Welcome to CashOutRefiTips.com, a comprehensive source of information for homeowners who are considering a cash-out refinance for the home. Here you will learn about cash-out refinance tips, the different types of cash-out refinance, why people do cash-out refinances, rules, limits, credit information, and more. If you have any questions, be sure to send us an email.

What Is A Cash-Out Refinance?

If you own your own home, there may be times that you want to take out equity from the property and put it to use. A cash-out refinance allows the homeowner to take equity out of their property by doing a refinance on their current mortgage that is larger than the current mortgage. (Credible.com)

Most of the new mortgage is used to pay off the first note, and the owner of the home can take whatever is left and use it as they see fit. Usually, you can take out quite a bit of money, but not all of your equity. As with a traditional refinance when you do not take out equity, you could have a higher or lower rate and terms than the existing loan.

How Does a Cash-Out Refinance Work?

The easiest way to understand the process is to break down an example. Let’s assume you have a home worth $350,000 and a current mortgage of $225,000. So, you have $125,000 of equity in the property.

If you want to access some equity as cash – $50,000 for example – you can access it by doing a cash-out refinance. By doing this, the current mortgage will be paid in full and you will have a new loan for $275,000.

You will receive approximately $50,000 in cash, minus assorted closing costs and fees that are imposed by the mortgage lender. Common fees are for a cash-out refinance are:

  • Application fee
  • Appraisal fee
  • Title search
  • Credit report fee
  • Loan origination fee

Depending on your state, cash out refinance closing costs and fees can run from a few hundred to a few thousand dollars – anywhere from 2-5% of the amount mortgaged.

Why Should You Get a Cash-Out Refinance?

While current federal law imposes some restrictions on what you can do with the cash you receive, if you want to be able to deduct the mortgage interest off your taxes, there is nothing that you cannot spend your equity on. Some of the most common reasons people do a cash-out refinance are: (Investopedia.com)

  • Renovating or improving the home
  • Paying off higher interest debt such as credit cards and car loans
  • Pulling out equity as an emergency fund after the value of the home has risen substantially
  • Elder care
  • Funding a college savings plan or college tuition
  • Funding an IRA or another retirement account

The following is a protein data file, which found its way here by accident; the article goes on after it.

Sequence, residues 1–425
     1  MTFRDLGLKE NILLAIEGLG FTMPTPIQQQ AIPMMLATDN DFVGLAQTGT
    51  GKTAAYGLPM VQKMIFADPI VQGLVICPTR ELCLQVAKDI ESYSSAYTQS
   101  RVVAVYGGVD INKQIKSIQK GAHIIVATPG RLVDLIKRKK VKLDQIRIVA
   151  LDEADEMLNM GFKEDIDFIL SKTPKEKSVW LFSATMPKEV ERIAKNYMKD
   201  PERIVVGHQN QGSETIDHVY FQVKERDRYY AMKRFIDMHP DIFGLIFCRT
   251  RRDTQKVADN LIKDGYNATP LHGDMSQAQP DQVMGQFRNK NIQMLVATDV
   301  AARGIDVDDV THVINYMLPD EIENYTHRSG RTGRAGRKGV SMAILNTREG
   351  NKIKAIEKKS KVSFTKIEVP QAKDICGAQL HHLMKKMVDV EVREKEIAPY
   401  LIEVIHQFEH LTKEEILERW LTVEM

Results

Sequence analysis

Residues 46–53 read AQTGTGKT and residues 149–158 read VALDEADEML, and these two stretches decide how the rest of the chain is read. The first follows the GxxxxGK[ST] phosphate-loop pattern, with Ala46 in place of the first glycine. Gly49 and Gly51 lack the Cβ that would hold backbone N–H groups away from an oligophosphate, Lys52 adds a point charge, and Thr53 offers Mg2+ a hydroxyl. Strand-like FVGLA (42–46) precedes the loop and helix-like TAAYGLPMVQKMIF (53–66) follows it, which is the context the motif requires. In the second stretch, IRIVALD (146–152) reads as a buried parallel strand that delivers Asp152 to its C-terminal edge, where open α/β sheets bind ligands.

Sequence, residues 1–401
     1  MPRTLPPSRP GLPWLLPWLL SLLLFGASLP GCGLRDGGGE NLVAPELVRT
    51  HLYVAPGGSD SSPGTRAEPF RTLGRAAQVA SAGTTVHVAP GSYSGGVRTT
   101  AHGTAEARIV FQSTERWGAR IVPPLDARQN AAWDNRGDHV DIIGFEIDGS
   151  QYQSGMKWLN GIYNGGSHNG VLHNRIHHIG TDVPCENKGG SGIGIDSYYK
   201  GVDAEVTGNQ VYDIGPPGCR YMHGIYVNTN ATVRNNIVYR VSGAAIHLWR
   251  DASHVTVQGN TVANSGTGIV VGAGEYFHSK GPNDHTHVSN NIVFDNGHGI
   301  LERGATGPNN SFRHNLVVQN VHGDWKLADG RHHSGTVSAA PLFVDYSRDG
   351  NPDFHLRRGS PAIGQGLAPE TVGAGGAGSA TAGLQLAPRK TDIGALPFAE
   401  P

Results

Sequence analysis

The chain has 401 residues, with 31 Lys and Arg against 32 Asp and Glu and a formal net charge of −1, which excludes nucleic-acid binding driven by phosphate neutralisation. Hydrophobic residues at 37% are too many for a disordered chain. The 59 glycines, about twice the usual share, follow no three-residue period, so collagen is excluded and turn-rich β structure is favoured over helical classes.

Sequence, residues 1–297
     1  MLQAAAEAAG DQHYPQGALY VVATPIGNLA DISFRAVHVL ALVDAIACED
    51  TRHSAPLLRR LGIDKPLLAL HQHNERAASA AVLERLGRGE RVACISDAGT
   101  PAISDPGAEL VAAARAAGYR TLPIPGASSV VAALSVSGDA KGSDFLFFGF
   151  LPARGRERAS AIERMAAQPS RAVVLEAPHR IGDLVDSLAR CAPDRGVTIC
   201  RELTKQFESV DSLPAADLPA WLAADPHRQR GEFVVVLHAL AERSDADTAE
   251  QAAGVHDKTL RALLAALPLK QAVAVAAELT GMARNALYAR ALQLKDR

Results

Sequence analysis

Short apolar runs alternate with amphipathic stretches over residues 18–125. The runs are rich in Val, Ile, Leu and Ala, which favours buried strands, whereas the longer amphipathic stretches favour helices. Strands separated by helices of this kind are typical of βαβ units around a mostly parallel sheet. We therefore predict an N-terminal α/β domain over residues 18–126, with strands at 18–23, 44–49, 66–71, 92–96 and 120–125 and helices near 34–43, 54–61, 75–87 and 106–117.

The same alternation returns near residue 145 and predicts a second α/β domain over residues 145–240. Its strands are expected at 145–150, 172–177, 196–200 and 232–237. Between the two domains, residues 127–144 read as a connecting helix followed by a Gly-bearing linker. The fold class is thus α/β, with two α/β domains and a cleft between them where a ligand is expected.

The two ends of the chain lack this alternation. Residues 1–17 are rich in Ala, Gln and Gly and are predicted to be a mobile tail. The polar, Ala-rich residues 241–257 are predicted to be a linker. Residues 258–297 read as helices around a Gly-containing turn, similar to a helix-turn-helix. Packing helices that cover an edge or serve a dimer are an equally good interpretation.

Remember that any time you pull equity of out your home with a cash-out refinance, you are taking a risk. If you cannot pay the new, higher mortgage, you may face foreclosure and the loss of your home. Use caution when

What Does a Cash-Out Refinance Cost?

Remember that when you pull equity out of your home, it is not free. You will be responsible for paying interest on the loan as well as the principle.

Most homeowners take out a 30-year loan when they buy their home because it makes the payments more affordable. If you are doing a cash-out refinance, you may have been paying the mortgage for many years. In this situation, many homeowners opt for a 15-year loan. When you refinance into a loan with a shorter term, homeowners can get a loan with a lower interest rate. (Discover.com)

But say you have a mortgage with a rate that is very low. You could pay a higher rate with a mortgage refinance. So you will not just be paying interest on the cash you remove from the home. You also must pay a higher interest rate on the debt that you had already. In this scenario, a mortgage refinance may not be the best choice for you.

Before you make a decision about a cash-out refinance, compare the terms and rates from several mortgage lenders. It is important to compare the APR for each loan. The APR includes fees and points that each lender charges, in addition to the rate. This allows you to easily compare each lender and what they are really charging you.

What Are The Requirements of a Cash-Out Refinance?

The requirements for a cash-out refinance depend on the lender. But generally, the lender is looking at your creditworthiness. They consider the following factors for most loans:

  • Credit score: Having a credit score of at least 700 may increase your chances of qualifying for a cash-out refinance. If you have a credit score of 620, you may get approval from some lenders, but rates may be higher. If your credit score is below 620, getting approval is difficult.